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Decentralized Identities (DI): What it is, and the benefits for IAM

DI is a new way to handle your customer's personal information that lowers your business risk and compliance requirements, while saving money on security.

Aug 28, 2023 • 7 Minute Read

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  • Software Development
  • Engineering Leadership
  • Data
  • Security
  • Business

Most people don’t own their own name.

Sounds weird, right? But this is the reality we live in. For the most part, people and the digital identities that represent them are separate. Take a moment and think about all the multiple profiles you’ve likely got floating around, such as your identities for:

  • Social media

  • Email

  • Online shopping

  • Employment

  • Financial services

  • Subscription services

Imagine each digital identity is a physical card with your personal data written on them: your name, phone number, credit card details, and so on. Whenever an app or device asks, we hand one of those little cards over. But once we do, it’s in their hands: they can sell that card, share it with someone else, or lose it (data leaks). 

Most of the time, you don’t know what’s happening with these cards; you just trust they’re taking care of them. And most of these are duplicates, in the hands of multiple identity providers and companies. 

Sounds risky. How do we solve that problem?

According to traditional identity management, the best approach is to centralize all these identities: hand out fewer cards, or only trust one identity provider. Less footprint, less risk. That’s Security 101, after all. There’s also less passwords to remember, and a simplified sign-in process.

Still, there’s holes in this approach. What happens if the one identity provider you trust goes out of business, or mistreats your personal information? You still don’t own your identity. To use our earlier analogy, they now hold all the cards. 

Now, is this really the best form of identity management? How could you get your personal details back so they’re not misused? Enter decentralized identities.

What are decentralized identities?

Decentralized identities (DI), also known as self-sovereign identities (SSI), are a way for people to take control of their own identity (It is theirs, after all!). Instead of people relying on companies or platforms to manage their identity information, they can create and manage their own digital identity.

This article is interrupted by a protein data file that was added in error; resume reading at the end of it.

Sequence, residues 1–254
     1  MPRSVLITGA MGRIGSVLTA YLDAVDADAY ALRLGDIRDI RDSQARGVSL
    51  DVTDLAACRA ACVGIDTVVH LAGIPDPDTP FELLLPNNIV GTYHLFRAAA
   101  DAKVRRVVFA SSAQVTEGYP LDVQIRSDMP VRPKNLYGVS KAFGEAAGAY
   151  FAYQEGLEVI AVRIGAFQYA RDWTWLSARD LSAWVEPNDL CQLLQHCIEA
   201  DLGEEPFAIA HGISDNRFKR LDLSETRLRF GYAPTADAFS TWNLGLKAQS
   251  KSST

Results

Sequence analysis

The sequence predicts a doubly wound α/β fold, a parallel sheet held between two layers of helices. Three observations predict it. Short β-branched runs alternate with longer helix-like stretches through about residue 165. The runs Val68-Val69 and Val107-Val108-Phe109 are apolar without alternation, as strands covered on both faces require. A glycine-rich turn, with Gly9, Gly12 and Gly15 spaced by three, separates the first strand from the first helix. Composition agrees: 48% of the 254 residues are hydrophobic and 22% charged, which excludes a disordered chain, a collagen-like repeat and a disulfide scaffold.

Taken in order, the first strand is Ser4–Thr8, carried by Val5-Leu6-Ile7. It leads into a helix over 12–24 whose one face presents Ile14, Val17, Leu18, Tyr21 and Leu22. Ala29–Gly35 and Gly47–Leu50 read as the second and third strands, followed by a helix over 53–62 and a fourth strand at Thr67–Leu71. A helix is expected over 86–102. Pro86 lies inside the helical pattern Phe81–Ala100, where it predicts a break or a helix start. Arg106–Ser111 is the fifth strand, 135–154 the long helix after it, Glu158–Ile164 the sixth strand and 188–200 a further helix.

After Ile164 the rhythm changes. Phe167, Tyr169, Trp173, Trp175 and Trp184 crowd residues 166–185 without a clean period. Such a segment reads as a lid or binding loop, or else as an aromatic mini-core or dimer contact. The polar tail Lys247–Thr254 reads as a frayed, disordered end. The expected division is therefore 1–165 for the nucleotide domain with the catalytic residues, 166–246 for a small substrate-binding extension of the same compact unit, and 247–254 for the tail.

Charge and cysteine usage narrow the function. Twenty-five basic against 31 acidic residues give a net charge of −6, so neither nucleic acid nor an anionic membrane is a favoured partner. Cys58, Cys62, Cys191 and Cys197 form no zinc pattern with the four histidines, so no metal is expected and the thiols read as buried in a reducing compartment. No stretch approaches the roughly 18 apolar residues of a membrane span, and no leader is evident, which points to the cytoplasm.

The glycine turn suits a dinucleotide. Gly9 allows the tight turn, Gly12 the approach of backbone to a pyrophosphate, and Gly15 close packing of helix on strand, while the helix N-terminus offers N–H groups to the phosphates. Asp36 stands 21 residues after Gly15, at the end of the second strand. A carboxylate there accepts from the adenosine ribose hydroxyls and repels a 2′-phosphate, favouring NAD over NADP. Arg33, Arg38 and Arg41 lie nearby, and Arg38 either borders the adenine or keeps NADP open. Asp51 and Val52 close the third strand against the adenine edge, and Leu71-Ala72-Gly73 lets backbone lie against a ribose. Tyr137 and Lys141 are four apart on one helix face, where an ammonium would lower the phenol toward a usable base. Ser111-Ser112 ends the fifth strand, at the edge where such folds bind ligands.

For businesses, it’s also awesome, because it reduces the amount of personal information they have to store and protect. Suddenly, that nightmare of a big data breach where all their user’s personal information is leaked is far less likely. For developers, decentralized identities eases development overhead by providing a standards-based approach to identity and credentials. 

Since the benefits of DI are fairly numerous, here’s a more thorough breakdown.

The benefits of decentralized identities for individuals

  • Ownership and control: All your identity information is with you, not the centralized identity providers (social media platforms, online services, etc).

  • Portability and interoperability: You can use the same identity across all your platforms, services, and organizations. No need to create separate accounts or profiles (then remember to update them).

  • Trust and security: You can choose what you share and with who. DI uses cryptography and blockchain technology to make sure your personal info is safe.

  • Audit trails: With a DI, you can check the audit trail of who you’ve shared information with.

  • Less identity silos: DIs break down the walls between different identity providers who might not work well together. Rather than making multiple identities in different places, you’ve got one single identity that they can recognise and verify.

  • Intermediary disintermediation: DIs mean you don’t need as many people in the middle to authenticate, verify (and store) your identity information

The benefits of decentralized identities for businesses

  • Less business risk: DIs mean you have less need to securely store your customer’s Personally Identifiable Information (PII). All your organization needs to do is request it when needed.

  • Cost efficiencies: With DIs, organizations don’t need to create and maintain their own identity infrastructure. This means less money spent on servers, databases, and security measures.

  • Regulatory compliance: DI can help businesses comply with data protection regulations (like GDPR) by reducing the amount of personal data they store and minimizing the risk of data breaches. 

  • Trust and reputation: Since DIs respect user privacy and give them control over their data, this builds consumer trust.

The benefits of decentralized identities for developers